Printmaking was definitely a journey for me. I’d say that, without out a doubt, it has changed my way of looking at textures, and color overlay. I often aspire to a screen print-like look, and it helps to know the process behind it. In school, I took classes in relief, photo-processes, and a lot of lithography. Printing is something I would love to dabble in again, but I did need a little break from it. Sometimes the fine art and commercial art worlds clash, and I learned that the hard way during school. It was worth learning those amazing processes, though.
What are some of your favorite childhood books (or movies/cartoons) growing up?
For books, I’d have to say “Are You My Mother?,” by P.D. Eastman. It’s very special to me because my mom read it to me about a thousand times as a child. “Meet My Cats” by Lesley Anne Ivory was the first book whose illustrations that caught my attention, although I never ended up with a style anything like it’s detailed, naturalistic renderings. As far as movies and cartoons go, I was just your average ’90s kid, watching tons of Nickelodeon shows (Doug!) and Disney movies (The Lion King).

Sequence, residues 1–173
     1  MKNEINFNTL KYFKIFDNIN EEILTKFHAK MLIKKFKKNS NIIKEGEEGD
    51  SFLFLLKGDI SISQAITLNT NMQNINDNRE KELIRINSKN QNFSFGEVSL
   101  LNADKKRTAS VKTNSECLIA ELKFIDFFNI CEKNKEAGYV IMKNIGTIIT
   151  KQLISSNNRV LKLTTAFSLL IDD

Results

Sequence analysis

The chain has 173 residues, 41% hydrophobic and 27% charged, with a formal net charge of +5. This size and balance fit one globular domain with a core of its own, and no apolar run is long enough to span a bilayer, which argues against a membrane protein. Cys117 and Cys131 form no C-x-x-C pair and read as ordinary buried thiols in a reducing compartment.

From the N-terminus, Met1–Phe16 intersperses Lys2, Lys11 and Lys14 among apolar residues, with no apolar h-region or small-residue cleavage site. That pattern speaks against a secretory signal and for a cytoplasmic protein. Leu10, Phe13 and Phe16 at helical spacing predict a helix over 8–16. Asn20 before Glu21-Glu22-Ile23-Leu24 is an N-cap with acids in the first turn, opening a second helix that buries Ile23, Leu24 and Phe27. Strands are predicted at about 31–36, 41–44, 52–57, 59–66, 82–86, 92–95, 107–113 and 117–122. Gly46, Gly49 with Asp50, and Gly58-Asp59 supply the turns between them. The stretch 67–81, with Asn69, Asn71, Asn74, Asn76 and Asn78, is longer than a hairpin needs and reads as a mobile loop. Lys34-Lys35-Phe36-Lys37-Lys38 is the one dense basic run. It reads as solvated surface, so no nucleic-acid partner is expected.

All of your pieces have a certain quality of telling a story. Do you see yourself pursuing a little writing in the future?
Yes! I’m actually in the process of writing and illustrating a picture book dummy, as we speak. I’m about to start painting some final work for it, so keep your eyes peeled! In the next couple weeks I’ll be moving into a new studio, and after that I’ll be a very busy bee.
If you grew up in any other country in the world, where would you want it to be and why? Do you think you’d still want to be an illustrator?
I would definitely choose illustration, no matter the location. Picking a place is hard though! I honestly don’t think I’ve traveled enough to make an educated choice, so I’ll say instead that I would love to visit Greece, ancient Egypt, Paris, and Rome. I’m a sucker for ancient art history! It’s so incredible. I could ramble about it for hours! (and I could also travel anywhere and be happy. Traveling is one of my favorite things to do with my family).
Have anything else you would like Square Carousel followers to know about you or your work?
I’m also a member of a local illustration group called The Girllustrators that everyone should check out!
The lovely Caitlin Alexander herself.
View more of Caitlin Alexander’s amazing work!